According to one fintech commentator, brokers could soon be replaced by smart speakers. But will customers embrace such a technological leap?
Until the early 2000s, the process of booking a holiday involved trips to multiple travel agencies, hours thumbing through glossy brochures, and more sit-down meetings than the average mortgage currently requires. Today it’s a task that can be completed on a mobile phone during a coffee break.
There are many reasons why the travel industry experienced such a shift, from the lure of competitive prices to the convenience of consumers becoming their own armchair agents. People simply wanted to take more control.
Seeing the same demands echo throughout the finance and mortgage space, the co-founders of Australia’s first “cloud-native digital bank” – ex-NAB execs Nathan Walsh and Michael Starkey – believe it’s time the finance industry saw the same shake-up.
“Athena’s mission is to make the journey to homeownership faster, cheaper, and less stressful,” says Walsh.
“To create the best mortgage experience and savings benefits for borrowers and investors, we’ll bypass the banks to connect borrowers to super-fund-backed loans at much lower rates. Australians don’t need more debt. We need help to pay off our home loans faster. In as little as 15 minutes online, a borrower can apply to refinance their mortgage and get conditionally approved at a great rate.”
While it’s good news for consumers, it’s another innovation that could be bad news for brokers. Last month, Moven co-founder and CEO Brett King predicted that even smart speakers would be inching in on the broker space in the future as customers look to limit the number of transactions in the homebuying process.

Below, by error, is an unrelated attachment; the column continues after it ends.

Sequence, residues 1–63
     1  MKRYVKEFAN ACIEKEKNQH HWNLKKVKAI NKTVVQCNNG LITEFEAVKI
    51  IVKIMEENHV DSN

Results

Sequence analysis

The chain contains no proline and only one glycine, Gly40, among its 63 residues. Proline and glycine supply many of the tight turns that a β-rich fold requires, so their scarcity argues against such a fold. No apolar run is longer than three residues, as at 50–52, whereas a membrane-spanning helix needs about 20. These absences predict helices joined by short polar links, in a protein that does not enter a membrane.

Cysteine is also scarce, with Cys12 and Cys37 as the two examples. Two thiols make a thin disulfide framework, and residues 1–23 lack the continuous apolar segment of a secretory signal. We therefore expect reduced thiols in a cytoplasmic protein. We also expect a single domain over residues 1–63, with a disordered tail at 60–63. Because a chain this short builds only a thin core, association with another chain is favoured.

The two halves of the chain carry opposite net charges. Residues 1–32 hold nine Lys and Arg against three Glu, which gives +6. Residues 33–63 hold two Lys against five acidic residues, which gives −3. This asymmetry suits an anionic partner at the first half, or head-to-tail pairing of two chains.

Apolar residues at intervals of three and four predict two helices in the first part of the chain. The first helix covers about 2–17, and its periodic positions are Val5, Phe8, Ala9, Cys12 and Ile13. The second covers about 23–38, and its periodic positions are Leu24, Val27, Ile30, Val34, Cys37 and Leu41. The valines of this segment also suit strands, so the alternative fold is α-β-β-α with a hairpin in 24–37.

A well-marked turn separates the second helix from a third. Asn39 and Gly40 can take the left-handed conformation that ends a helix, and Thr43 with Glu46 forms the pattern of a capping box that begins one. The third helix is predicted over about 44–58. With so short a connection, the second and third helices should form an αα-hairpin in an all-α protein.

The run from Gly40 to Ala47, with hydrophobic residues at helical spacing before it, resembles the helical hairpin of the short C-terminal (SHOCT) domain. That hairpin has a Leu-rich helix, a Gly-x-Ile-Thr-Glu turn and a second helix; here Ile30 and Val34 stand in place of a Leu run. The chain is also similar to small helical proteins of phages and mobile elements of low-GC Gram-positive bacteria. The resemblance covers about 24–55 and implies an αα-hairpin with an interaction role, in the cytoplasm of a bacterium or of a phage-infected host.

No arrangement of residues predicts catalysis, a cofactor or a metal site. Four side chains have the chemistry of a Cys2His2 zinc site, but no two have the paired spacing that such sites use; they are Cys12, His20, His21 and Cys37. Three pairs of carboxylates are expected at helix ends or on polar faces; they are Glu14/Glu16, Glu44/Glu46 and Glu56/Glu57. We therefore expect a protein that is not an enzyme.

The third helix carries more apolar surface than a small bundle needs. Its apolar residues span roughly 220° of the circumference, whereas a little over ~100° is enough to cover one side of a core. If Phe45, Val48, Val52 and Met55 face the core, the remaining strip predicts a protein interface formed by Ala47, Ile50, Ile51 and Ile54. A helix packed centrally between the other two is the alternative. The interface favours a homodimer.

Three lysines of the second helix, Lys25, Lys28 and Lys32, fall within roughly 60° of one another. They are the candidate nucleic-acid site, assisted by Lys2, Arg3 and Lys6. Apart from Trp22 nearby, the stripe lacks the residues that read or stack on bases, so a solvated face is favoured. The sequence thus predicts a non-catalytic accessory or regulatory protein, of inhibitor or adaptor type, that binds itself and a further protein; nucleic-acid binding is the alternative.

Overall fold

Speaking to Australian Broker, King says, “Ideally, what would happen is by the time you walk into the display home or village we know where you are and there’s a good chance you’re in the process of buying a home. So then we have to look for the behavioural trigger that indicates you’re ready to make a purchase on the home.
“Pre-approval is a very important construct here. If you think about lowering [transactions], one of the key data competencies that financial organisations will have to have is the ability to approve in real time. If you have to wait to approve someone for a mortgage or a line of credit, you’re going to miss out on future business.”
Moven and Athena aren’t the only fintech platforms making headlines this year. Recent months have also seen the launch of Australia’s first digital bank, volt, which promises to develop “better, more honest products and services” to give consumers greater control of their money.
“If we look ahead, online broking has a place, but we don’t know where it’s going to land” Anja Pannek, CEO of PLAN Australia
Both Athena and volt have specific plans for the $1.7trn nationwide mortgage market and boast some heavyweight credentials. In May, Athena raised $15m in Series A funding from Macquarie Bank, Square Peg Capital and Apex Capital, and APRA introduced a new restricted ADI, or RADI, licence to enable the launch of volt. Other start-ups, such as BlockX, have also received backing from the majors.